What are the Means of Grace? (30 Questions)

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What are the Means of Grace?

This post is a chapter from Dr. Timothy Tennent’s book, 30 Questions: A Short Catechism on the Christian Faith available for purchase from our store. This resource makes for a great teaching tool in local churches, especially for catechesis purposes. We’re featuring a chapter each week in hopes of encouraging you to pick up the book and share it with others as well.

The two sacraments, baptism and Lord’s Supper, are not the only ways in which God extends grace to his people. The phrase “means of grace” is a broader category referring to all the ways God has appointed to convey his grace to men and women. The two sacraments are the best examples, and are called “sacraments” because Jesus himself instituted them and commanded us to observe them. Sacraments involve something physical like bread or water and are to be celebrated in community.

However, God is not limited to conveying grace only when we are gathered together as the church. God also conveys grace to us as individuals. Examples of this would include the reading of Scripture, hearing God’s Word preached, prayer, fasting, serving the poor, and so forth. Broadly speaking, a means of grace refers to all the ways by which Christians grow stronger in their faith and grow in the grace of Christ. In other words, they are God’s instruments to convey grace, including prevenient grace, justifying grace, sanctifying grace and, ultimately, glorifying grace.

An unbeliever might be sitting next to a Christian on an airplane and the Christian may, in the course of their travels, share the gospel with this person. In the hearing of God’s Word, the Holy Spirit acts to convict the person of their sin and they trust Jesus Christ for their salvation. In this instance, the sharing of God’s Word on the airplane becomes a means of grace to the unbeliever. Likewise, if a Christian is going through a difficult time and is feeling absent from the presence of Christ, they may begin to sing or pray, and in that prayer they gain a renewed sense of the presence of Christ and a clearer direction as to how they should respond to the situation. This is another example of how prayer can become a “means of grace.”

Of course, the Bible in and of itself, or a prayer in and of itself, has no power to change us. If we believed that, we would be affirming a form of magic. Rather, whenever we refer to a “means of grace” we acknowledge ultimately that only God is the true giver of grace, through the presence of Christ and the Holy Spirit. The term “means” simply reminds us that God uses ordinary things like words and prayers and actions to convey his presence to us, and whenever his presence is truly encountered (even if we don’t feel it), then grace is conveyed. It is another way of saying that the church is not autonomous. The church does not “do good works” in the same way as one of the well-known, and worthy, organizations such as the Lion’s Club or the Kiwanis Club. Instead, the church acts or speaks or prays in concert with Christ, and these actions or words all become channels or means through which God does his work. It is another example of the cooperation which God is building in his Kingdom. It is not enough for us to just sit back and wait for God to act. Instead, we roll up our sleeves and begin to serve the poor. We make a decision to get down on our knees and pray about something. We decide to put aside our fears and we share the gospel with someone. And, in the process, God comes alongside of us and uses these humble acts for his glory.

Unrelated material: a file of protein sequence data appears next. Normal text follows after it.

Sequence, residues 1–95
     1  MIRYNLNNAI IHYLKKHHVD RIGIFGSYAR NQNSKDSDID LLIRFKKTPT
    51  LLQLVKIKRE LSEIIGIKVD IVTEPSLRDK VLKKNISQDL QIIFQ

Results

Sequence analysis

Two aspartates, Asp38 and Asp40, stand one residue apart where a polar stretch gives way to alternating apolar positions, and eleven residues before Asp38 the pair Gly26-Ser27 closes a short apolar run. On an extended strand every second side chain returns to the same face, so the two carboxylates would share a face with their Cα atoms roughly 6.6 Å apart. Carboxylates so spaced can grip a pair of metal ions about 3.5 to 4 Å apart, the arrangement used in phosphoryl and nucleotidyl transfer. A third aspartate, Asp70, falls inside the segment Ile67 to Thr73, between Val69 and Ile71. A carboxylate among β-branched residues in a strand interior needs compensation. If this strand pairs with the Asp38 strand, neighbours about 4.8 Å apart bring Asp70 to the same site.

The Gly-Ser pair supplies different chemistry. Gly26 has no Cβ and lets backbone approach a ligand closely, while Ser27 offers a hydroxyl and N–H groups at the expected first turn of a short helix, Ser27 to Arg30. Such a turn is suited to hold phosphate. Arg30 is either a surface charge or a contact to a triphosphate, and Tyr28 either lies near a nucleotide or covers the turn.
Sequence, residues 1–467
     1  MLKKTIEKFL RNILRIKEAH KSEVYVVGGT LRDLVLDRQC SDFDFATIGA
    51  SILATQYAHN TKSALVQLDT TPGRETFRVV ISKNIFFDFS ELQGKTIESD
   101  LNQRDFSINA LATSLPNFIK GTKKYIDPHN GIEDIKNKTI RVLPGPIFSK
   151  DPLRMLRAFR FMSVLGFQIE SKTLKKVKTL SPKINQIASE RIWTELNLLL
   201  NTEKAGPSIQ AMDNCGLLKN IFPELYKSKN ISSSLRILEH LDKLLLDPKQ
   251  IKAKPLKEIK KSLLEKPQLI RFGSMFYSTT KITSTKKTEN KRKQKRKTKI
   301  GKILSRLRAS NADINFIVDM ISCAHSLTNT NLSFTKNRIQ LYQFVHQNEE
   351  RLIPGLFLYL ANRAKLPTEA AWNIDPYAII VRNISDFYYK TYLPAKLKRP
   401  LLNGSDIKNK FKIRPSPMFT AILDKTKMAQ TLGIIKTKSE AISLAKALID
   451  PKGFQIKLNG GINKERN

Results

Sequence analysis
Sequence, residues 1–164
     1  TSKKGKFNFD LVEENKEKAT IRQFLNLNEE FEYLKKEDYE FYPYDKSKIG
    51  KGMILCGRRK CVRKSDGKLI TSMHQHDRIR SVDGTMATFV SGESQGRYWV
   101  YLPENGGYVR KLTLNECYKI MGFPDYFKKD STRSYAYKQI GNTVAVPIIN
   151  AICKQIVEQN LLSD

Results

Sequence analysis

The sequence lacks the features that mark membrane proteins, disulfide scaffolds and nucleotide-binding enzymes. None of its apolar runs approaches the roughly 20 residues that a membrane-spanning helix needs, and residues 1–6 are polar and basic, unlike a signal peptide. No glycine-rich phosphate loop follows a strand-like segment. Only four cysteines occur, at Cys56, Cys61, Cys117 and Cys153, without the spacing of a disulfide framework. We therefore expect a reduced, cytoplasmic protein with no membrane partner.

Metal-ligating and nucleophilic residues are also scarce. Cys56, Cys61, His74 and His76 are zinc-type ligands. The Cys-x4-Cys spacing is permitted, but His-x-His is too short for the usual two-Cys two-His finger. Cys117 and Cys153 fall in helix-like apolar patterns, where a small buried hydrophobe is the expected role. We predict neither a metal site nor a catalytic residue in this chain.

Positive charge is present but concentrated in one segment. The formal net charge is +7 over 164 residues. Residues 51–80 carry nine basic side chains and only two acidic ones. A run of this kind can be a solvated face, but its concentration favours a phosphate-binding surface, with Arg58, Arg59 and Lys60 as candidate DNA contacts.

Scripture Reading

2 Kings 19:14–19
Nehemiah 8:1–10
Nehemiah 9:1
Jeremiah 36:4–8
Daniel 9:1–13
Matthew 6:5–18
Acts 6:1–4
Acts 13:1–3
Acts 14:23

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Timothy C. Tennent is the President of Asbury Theological Seminary and a Professor of Global Christianity. His works include Invitation to World Missions: A Trinitarian Missiology for the Twenty-first Century and Theology in the Context of World Christianity: How the Global Church Is Influencing the Way We Think about and Discuss Theology. He blogs at timothytennent.com and can be followed on twitter @TimTennent.

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